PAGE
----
No, that's you lying again. It's easy to find pictures of weighed amounts of mushrooms and subsequently easy to estimate how many would have fit into my inverted baseball cap. My estimate based on the photos I've seen like the one below (which shows 5 grams) and the type of ball cap is at least 20-25 grams.

Oh, my God! Do you actually believe that was a picture of five dried grams? You showed me a picture of basically what looked like three broken stalks and three caps. Now, mushrooms are, of course, different in weight and size, but five dried grams of psilocybin mushrooms usually contains between 15 to 25 caps and stems. That would quite easily fill a baseball cap. Even if you manage to get five dried grams, again, I said there's also the factor of potency. The mushrooms may not even contain the amount of psilocybin that's needed to induce the experience. Again, you DID NOT take a heroic dose, you may have thought you took one, but you, in fact, did not. And I'm not simply judging this by the amount, I'm considering all factors, including your description of it, and I concluded in the McKenna thread that it was definitely sub-threshold.

You don't know what you're talking about, Jimmy. Science requires empirical evidence and falsifiability. All that crap about m-theory, psychedelic drugs, and eastern religions is neither science nor scientific. It's just woo-woo.

I'm not sure what you're saying here. Are you implying that M-Theory is woo-woo? It's obviously science's best shot at describing the universe. What I think a lot of these theories imply is that consciousness cannot be explained without including what these M-theorists are raving about, and plenty of respected theoretical physicists such as David Bohm, Eugene Wigner, etc. have all spoke on the topic of "quantum mind." Since, psychedelics produce a phenomenon in consciousness, I don't believe it's so far-fetched to believe that all these things may be intertwined. So, you have no case in point. I think if you really took the time to study this stuff and examine all the evidence, you'll find that it would point more and more to what I've been saying all along, that what all these religions have been spouting for millennia, etc.

You can take 'honestly' right off that list, Jimmy-boy. You're a liar. First, you opened by saying the brain wipe is necessary to understand the theory, then denied it, and then denied the denial with various forms of dishonesty. (You don't need drugs to justconsider it, Gallup! I meant you need to experience being stoned to understand being stoned, Gallup! I didn't lie, Gallup, YOU just pinned me contextually!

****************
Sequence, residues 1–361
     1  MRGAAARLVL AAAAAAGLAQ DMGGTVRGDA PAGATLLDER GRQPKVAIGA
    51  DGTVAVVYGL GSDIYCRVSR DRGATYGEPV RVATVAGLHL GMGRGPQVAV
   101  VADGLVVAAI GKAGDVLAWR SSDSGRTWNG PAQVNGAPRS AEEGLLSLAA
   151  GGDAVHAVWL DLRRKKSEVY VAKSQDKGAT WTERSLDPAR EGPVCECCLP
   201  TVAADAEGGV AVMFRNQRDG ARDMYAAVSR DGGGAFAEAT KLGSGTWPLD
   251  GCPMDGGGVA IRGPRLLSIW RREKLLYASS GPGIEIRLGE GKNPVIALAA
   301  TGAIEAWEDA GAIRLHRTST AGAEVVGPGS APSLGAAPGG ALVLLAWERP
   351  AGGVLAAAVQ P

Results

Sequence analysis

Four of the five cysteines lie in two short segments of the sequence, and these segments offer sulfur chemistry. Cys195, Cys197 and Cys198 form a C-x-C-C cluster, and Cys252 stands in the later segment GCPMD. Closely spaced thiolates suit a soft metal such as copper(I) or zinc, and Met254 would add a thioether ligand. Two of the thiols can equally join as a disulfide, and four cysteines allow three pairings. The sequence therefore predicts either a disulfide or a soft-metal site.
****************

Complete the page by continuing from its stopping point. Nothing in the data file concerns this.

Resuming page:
Allow me to rephrase what I've said, because you've obviously taken it way out of proportion, and I'm going to start by quoting one of John's statements, because I'm inclined to agree with it.

You need to take psychedelic drugs in order to know what these kind of experiences are like, but it is still possible to understand to some extent that psychedelic drugs cause religious experiences without ever taking the drugs because there is plenty of testimony and scientific evidence about what the drugs do.

I agree with everything that John has written here, but noticed he added "it's still possible to understand to some extent that psychedelic drugs cause religious experiences without ever taking the drugs," I agree, it could be understood to a certain extent, but in order to truly have a platform from which you can speak about the experience and truly judge it properly, undergoing the experience would give you that. However, I want to add that because psychedelics have been so tainted by the media, by what we've been told by certain anti-drug organizations, it's possible that some people might meet such theories and concepts with great disgust and close-mindedness as to automatically see them as unreliable and regard anything associated with them as "woo." You're a prime example of that. So, obviously there's going to be some people meeting these idea with a little bit of open-mindedness, and other people who are going to flat-out dismiss it as "woo" without even really examining the evidence.

    I'm just a tourist, laughing and taking pictures.

Yeah, you definitely seem content sailing outside near the shore, but why don't you try making your way deep into the jungle?

Gallup: You haven't posted any legitimate scientific evidence to consider. You just keep saying woo and posting looney tunes.

Jimmy: I have, in fact, reference Michael Hoffman's "www.egodeath.com" website where he goes over tons of archaeological evidence,

You have, in fact, referenced crackpot speculation. Hoffman comparing the shape of a table in a Christian painting to a mushroom, or the a halo on a portrait of the Virgin Mary to a mushroom. Hoffman espousing his "theory" as to why Europeans kept cows: "Suppose in an average region of Europe, a person has a cow in their yard. How many psychoactive mushrooms per year will result, in their yard?" That is not scientific evidence. That is you backing woo by citing more woo.

Gallup: It's a gigantic leap. And no matter what size it is, your evidence to support it? None.
Jimmy: If you actually had taken the time to review the evidence a little more closely...

Oh, I have, Jimmy. The site is full of baseless supposition. That's not scientific evidence. That's just you showing me you don't know what evidence is.

Gallup: No true scotsman. Nothing will convince you I've had "the experience" short of full agreement that it produces the "religious/mystical" experience that you claim it must.

Jimmy: This is definitely not a No True Scotsman fallacy, because there is a physiological threshold, and I pointed towards evidence in that in Strassman's book "DMT: The Spirit Molecule," so I'm not sure why you insist on denying this.